Department chair, Charles Traub's book "Lunchtime" featured in Artsy

©Charles Traub

©Charles Traub

These 7 Photographers Captured the Fearless Fashion of the ’70s
ARTSY EDITORIAL
BY DEMIE KIM

What accounts for the timeless appeal of the 1970s? From Gucci’s fringed midi skirts this spring to Missoni’s latest bohemian ruffled dresses and Vivienne Tam’s flared pants on New York’s catwalks this past week, the iconic decade has seen a strong resurgence in the last year of fashion. During an era defined by the sexual revolution, the fight for women and gay rights, hippie subculture, and anti-war movements in the U.S., people began to use their wardrobes as vehicles for self-expression and sartorial experimentation. Urban youth looked to pop icons like David Bowie, in his body-hugging catsuits and fluorescent-hued makeup, and Cher, with her sweeping hair, groovy crop tops and fur-lined sleeves, for inspiration.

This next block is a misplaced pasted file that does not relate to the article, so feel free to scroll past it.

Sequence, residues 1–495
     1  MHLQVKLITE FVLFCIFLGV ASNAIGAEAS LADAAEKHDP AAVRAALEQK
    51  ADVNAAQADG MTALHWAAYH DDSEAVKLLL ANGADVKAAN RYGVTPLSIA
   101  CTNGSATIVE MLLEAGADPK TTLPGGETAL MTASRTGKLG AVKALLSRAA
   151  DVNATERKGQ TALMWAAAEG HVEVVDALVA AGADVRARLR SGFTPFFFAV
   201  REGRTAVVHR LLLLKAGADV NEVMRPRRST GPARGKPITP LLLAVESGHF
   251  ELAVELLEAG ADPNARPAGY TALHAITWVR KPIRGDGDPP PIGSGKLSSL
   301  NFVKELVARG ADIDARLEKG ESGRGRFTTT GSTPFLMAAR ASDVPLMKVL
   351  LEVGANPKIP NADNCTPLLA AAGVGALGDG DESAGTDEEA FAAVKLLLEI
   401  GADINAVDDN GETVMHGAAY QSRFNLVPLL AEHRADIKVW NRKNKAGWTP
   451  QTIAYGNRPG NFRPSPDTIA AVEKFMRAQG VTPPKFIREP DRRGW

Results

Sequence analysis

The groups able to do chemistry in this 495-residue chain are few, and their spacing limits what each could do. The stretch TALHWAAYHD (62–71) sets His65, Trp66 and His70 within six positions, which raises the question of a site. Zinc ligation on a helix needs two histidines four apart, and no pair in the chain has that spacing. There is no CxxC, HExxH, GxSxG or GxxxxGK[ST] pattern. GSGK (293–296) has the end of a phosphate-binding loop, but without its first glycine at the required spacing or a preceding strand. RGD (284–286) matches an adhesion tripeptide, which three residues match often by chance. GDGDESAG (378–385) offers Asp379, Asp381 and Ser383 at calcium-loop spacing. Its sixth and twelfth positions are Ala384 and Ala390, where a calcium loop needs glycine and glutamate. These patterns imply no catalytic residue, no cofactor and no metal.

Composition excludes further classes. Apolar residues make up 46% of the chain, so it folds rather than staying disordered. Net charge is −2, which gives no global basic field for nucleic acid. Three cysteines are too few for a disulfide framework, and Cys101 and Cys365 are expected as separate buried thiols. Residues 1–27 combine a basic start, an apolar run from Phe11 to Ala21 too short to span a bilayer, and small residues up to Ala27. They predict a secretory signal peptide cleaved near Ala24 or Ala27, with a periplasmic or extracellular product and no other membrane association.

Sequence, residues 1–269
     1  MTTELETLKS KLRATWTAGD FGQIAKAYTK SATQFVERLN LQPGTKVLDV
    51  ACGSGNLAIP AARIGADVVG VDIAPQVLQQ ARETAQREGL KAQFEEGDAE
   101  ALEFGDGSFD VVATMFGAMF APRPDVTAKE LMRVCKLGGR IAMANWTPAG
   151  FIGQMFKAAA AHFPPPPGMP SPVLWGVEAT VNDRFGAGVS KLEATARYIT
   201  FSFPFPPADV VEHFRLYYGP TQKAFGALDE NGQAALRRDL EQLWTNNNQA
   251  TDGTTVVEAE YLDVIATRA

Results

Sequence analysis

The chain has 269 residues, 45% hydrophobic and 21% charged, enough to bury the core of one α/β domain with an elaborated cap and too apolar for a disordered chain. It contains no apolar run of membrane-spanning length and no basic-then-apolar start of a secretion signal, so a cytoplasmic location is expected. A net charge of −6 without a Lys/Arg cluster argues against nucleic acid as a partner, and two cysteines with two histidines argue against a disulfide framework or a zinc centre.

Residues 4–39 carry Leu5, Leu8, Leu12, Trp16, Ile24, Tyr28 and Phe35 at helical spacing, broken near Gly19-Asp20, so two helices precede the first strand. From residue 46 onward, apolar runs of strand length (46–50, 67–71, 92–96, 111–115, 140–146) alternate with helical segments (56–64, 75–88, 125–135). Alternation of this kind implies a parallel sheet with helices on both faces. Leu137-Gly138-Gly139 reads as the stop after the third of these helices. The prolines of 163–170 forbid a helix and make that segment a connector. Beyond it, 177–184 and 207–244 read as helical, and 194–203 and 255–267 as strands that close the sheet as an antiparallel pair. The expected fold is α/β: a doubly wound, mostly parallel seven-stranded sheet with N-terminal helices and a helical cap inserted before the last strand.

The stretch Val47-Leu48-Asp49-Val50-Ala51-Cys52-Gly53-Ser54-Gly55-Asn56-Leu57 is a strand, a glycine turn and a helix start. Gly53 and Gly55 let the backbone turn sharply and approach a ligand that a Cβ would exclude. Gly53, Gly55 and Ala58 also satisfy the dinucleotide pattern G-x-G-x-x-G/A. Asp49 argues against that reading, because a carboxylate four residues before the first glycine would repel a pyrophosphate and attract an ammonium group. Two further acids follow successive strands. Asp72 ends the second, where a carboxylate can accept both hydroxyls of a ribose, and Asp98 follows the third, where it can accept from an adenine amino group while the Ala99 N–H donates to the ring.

©Charles Traub

©Charles Traub

Roaming city streets with a Rolleiflex camera during his lunch break, Traub photographed passersby—bedecked in the oversized sunglasses and fur coats emblematic of the ’70s—going about their days in what he calls the “theater of the street.” From 1977 to 1980, the Kentucky-born photographer captured some 400 people across New York, Chicago, and even Milan. Just last year, these close-up, predominantly square-format photographs were published in his time capsule of a book, Lunchtime. “I am not a fashion photographer and was never interested in that issue, but rather into how a ‘type’ could be seen through the lens at looking at the face,” he has said.

Full article here.